Looking At Gangs In The Military

From FBI Report

While doing my usual perusal of military blogs I came across this post at This Ain’t Hell that talked about this Washington Examiner article which was about this FBI report on gangs. You following me? The article is pretty sensational, talking about gangs “infiltrating” the U.S. miltary where they learn skills they can bring back to their gangs and use in various gang-related (underrated movie) activities.

Now I haven’t been in the Army that long but I haven’t seen anything that struck me as gang-like in my almost two years of service (neither have people who’ve been in a lot longer). The idea that the military in general and the Army specifically were being inundated with gang members seemed like a stretch so I clicked thru to the FBI report and started reading. I skipped to the section dealing with gangs and the military (who has the time to read the whole thing?) and was decidedly underwhelmed.

There was a lot of talking about how bad it would be for gang members to acquire the skills taught by the military, which is fair, but not much meat behind the idea that there are any significant amount of gang members actually in the military. There are no numbers. The report says that:

Gang members have been reported in every branch of the US militarym, although a large proportion of these gang members and dependent gang members of military personnel are affiliated with the US Army, Army Reserves, and National Guard branches.

Go Army but this tells us nothing really. How many members? Are we talking about five guys (or gals) or five thousand? Doesn’t say, just that every branch has them and, earlier in the report, that almost all major gangs are represented. They are clearly trying to give the impression that this is a large problem but providing no numerical basis for it.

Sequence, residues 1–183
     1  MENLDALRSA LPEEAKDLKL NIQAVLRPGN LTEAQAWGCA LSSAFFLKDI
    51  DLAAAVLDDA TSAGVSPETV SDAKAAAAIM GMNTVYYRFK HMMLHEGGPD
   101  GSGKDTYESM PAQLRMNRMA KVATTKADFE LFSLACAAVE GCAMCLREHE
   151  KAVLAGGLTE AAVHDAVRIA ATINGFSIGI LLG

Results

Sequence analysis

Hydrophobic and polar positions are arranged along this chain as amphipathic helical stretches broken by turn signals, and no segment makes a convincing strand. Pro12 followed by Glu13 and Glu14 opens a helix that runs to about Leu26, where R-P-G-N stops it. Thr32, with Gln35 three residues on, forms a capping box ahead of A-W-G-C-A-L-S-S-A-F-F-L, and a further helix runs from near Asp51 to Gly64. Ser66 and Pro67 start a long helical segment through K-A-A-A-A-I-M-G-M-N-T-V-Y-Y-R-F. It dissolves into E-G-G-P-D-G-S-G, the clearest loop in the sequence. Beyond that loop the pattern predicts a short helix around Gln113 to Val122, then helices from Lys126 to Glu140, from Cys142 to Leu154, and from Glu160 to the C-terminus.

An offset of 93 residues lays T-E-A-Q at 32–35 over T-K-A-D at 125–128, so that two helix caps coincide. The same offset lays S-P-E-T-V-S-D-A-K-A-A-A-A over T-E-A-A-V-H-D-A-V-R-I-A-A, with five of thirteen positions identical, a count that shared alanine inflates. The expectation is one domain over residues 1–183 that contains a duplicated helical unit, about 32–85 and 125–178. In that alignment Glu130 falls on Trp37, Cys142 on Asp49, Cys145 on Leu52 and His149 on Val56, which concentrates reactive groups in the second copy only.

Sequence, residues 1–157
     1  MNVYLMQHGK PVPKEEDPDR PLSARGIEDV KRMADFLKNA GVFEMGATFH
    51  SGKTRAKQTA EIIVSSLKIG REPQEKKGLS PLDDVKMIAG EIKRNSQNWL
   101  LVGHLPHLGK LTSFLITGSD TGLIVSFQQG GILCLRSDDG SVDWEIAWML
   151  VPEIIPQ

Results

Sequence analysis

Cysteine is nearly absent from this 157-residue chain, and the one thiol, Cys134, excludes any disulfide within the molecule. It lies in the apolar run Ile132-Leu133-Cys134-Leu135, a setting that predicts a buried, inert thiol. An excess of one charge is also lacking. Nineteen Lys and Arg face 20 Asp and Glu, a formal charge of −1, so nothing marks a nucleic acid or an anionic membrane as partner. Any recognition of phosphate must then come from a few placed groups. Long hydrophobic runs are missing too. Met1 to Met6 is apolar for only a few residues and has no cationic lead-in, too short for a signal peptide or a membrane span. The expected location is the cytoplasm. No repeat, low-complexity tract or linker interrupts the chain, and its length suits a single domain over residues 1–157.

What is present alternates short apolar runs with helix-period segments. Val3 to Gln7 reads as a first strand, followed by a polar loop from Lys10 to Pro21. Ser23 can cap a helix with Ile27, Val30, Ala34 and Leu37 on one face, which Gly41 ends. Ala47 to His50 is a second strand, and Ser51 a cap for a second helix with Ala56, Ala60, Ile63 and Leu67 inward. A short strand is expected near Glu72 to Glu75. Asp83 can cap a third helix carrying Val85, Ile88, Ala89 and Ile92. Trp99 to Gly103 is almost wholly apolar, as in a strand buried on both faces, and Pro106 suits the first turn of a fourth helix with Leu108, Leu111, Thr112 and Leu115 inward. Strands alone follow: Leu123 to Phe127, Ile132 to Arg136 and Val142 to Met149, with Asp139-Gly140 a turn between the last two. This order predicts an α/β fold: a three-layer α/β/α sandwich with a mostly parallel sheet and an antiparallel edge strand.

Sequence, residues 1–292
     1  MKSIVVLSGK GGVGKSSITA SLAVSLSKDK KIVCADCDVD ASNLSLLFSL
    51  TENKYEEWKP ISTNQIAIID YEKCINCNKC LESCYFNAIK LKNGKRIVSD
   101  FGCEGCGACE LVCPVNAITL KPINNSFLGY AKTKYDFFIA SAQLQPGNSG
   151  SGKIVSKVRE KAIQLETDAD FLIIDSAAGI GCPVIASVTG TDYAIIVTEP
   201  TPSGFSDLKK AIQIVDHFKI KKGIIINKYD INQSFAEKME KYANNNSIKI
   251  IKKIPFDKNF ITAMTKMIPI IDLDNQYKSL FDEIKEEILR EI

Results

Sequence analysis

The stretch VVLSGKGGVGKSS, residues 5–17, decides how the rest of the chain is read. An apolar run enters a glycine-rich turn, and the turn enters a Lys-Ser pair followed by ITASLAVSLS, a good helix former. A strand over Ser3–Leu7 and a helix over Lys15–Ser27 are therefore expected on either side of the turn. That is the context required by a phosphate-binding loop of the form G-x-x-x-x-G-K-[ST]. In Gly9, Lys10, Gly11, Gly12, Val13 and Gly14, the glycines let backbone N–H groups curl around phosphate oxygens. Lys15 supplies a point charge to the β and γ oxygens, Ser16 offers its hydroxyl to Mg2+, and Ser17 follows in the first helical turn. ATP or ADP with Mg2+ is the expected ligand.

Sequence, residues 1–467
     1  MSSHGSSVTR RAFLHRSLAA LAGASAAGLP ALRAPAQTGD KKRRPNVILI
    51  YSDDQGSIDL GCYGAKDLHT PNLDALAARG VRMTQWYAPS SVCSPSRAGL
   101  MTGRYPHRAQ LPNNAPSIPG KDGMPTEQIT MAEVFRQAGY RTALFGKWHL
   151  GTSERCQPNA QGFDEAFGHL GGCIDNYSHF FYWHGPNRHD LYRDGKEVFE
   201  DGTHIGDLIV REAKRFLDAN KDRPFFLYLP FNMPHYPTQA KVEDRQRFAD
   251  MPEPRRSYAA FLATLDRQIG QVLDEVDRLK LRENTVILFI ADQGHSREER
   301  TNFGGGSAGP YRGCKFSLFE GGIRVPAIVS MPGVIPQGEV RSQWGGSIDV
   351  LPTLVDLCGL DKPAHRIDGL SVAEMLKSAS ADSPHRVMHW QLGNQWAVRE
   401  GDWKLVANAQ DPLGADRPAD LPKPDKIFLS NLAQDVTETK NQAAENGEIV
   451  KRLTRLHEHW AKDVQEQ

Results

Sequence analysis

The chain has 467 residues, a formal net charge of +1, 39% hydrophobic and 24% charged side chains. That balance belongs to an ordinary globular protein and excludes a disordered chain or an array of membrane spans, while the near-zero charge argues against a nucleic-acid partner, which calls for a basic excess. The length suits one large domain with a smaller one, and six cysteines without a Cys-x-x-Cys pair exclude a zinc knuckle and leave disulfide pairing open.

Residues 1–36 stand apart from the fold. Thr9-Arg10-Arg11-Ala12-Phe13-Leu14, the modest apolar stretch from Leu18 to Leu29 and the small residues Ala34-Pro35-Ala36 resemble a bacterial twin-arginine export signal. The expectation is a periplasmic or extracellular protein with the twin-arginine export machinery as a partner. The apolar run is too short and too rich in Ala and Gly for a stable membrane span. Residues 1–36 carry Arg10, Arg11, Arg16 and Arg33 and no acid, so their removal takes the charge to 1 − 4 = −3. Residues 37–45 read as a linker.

Let’s talk about the photo at the top of this post. It’s taken directly from the report and is titled “Figure 14. A soldier in a combat zone throwing gang signs”. Look again at what he’s doing. He’s giving the “west side” hand signal. I’ve done this. My 17 year old sister has done this. Your 17 year old sister has probably done this. Maybe he’s a Tupac fan (second Tupac reference, quota filled).

Here’s a passage that bothered me:

Many street gang members join the military to escape the gang lifestyle or as an alternative to incarceration, but often revert back to their gang associations once they encounter other gang members in the military.

The word “often” is doing a lot of heavy lifting in that sentence isn’t it? What’s often? If they joined to escape that lifestyle, why are they going back to it? Again how many gang members are there that they bump into each other so much? No answers.

Here’s a part that really kind of pissed me off:

Younger gang members without criminal records are attempting to join the military, as well as concealing tattoos and gang affiliation during the recruitment process, according to NGIC reporting.

Without criminal records! As in they have not been convicted of a crime! And they are trying to join the military, the insanity. Look if a young gang member tries to the join the military more power to him (or her). I for one have faith that he’ll come under the wing of a strong squad leader or platoon sergeant and they’ll square him away into a model soldier. People without criminal records joining the military isn’t the problem, its the ones with them that is.

In closing here’s something I found in the endnotes:

Juggalos are traditionally fans of the musical group the Insane Clown Posse. Arizona, California, Pennsylvania, and Utah are the only US states that recognize Juggalos as a gang.

I can report with 100% confidence I have not seen any Juggalos in the Army. Definitely would have remembered that.

One thought on “Looking At Gangs In The Military

  1. I saw two guys throw up signs, in uniform, at the Dixie rd. Shopette just a few weeks ago. Maybe its not a matter of how long you’ve been in, but whether you’re looking for that kind of behavior or just going about your business.

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